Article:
What Is An Electric Motor Vehicle?



Technically speaking, it’s relatively simple; an electric motor vehicle is just that – a vehicle that uses an electric motor to move down the road. Ok, what’s the big deal then? The big deal has multiple facets – clear cut and clouded. We’ll explore these below.

Moving Toward a Solution

The problems with internal combustion engines are plentiful – fuel requirements, environmental concerns due to pollution and noise. Add to that gas is now expensive!

Still, for many years the idea of an electric motor vehicle or electric car seemed futuristic. It’s sort of strange because electric cars have been around for over a hundred years. One major hurdle, a few main obstacles and timing stood in the way of electric motor vehicles coming into the limelight.

The first hurdle was wires; you’ve probably seen pictures of trolleys hooked to the maze of wire above for power. This was and still is ok for a fixed route large electric motor vehicle – not so for smaller individual vehicles. The solution was a system of batteries that store power within a chemical field and discharge it as required for practical usage. That’s enough chemistry – there are other obstacles associated with batteries.

Batteries are heavy, have a limited capacity and nominal shelf life. That’s why we saw electric motor vehicle technology evolve in the direction to golf carts and very small, light-duty vehicles with low power and distance limitations. Still, the technology developed and small in-city models of electric motor vehicle are making their way into the marketplace. Plug it in overnight and drive around town during the day – 25-30MPH is possible – quiet, non-polluting and relatively inexpensive to operate.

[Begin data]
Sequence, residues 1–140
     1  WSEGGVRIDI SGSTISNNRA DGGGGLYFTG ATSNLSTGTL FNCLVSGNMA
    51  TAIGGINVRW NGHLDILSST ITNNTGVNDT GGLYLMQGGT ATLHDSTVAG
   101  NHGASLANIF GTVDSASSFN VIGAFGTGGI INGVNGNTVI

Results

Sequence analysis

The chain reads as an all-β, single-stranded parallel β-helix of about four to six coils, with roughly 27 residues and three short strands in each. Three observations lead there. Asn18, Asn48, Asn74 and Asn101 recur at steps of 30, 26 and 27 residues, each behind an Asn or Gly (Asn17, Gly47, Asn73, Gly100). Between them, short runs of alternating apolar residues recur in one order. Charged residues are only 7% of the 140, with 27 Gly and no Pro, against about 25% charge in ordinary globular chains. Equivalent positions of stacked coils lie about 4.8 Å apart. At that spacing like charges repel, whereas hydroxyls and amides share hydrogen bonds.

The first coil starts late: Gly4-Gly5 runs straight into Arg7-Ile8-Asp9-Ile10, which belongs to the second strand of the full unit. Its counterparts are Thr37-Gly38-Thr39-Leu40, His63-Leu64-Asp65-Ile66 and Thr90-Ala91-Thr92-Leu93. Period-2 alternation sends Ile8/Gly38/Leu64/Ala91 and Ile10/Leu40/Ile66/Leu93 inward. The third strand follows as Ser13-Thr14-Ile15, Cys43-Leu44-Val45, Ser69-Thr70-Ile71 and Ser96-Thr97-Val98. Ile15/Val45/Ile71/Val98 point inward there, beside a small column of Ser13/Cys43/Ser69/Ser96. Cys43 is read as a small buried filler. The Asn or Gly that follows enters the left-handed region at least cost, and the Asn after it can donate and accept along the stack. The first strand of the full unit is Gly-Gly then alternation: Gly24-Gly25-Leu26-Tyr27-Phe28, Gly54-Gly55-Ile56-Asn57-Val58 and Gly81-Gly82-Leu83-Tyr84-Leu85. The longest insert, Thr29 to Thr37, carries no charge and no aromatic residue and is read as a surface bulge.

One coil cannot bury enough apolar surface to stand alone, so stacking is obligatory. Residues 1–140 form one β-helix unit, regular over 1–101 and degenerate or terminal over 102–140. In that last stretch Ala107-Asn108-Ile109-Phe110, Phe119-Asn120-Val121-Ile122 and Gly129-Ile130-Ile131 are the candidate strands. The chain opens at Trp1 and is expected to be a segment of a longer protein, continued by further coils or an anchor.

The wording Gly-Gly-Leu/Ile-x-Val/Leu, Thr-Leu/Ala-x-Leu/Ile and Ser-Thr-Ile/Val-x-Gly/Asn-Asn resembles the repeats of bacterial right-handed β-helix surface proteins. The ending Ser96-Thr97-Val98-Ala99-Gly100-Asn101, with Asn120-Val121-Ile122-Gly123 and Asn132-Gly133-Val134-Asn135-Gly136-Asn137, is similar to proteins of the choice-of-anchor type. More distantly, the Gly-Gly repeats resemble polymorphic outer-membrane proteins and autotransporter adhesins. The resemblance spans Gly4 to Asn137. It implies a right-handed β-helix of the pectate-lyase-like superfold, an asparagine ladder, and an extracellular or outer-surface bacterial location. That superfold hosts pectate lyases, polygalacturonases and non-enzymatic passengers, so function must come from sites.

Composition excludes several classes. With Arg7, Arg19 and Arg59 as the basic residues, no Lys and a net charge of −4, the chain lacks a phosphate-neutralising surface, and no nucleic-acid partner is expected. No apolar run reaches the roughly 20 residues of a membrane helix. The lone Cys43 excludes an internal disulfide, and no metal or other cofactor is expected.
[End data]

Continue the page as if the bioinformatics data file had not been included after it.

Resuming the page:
The Purely Electric Motor Vehicle

Solar powered electric motor vehicles have been built and research continues. The main problem is power, sufficient amps to carry a reasonable load with sufficient force at a reasonable speed. Solar has a long way to go to meet these parameters.

Hybrids and Beyond

It seems that Detroit and Japanese automakers still don’t like electric motor vehicles. We’d see hydrogen cars first if they could figure the fuel cell thing out. Meanwhile, with pressure for some ‘greener’ alternative, hybrids are showing themselves as the next step. Hybrids use internal combustion for power generation and glean from braking efforts additional power to charge batteries. Then that battery power is available for low speed movement – primarily around town driving. It’s a start and battery technology will probably improve due to this effort.

It seems a strong public will regarding electric motor vehicles is still lacking. What will power a real move to electric motor vehicles? That’s a good question. Check back when gas prices hit $5 and we’ll take another look.

 


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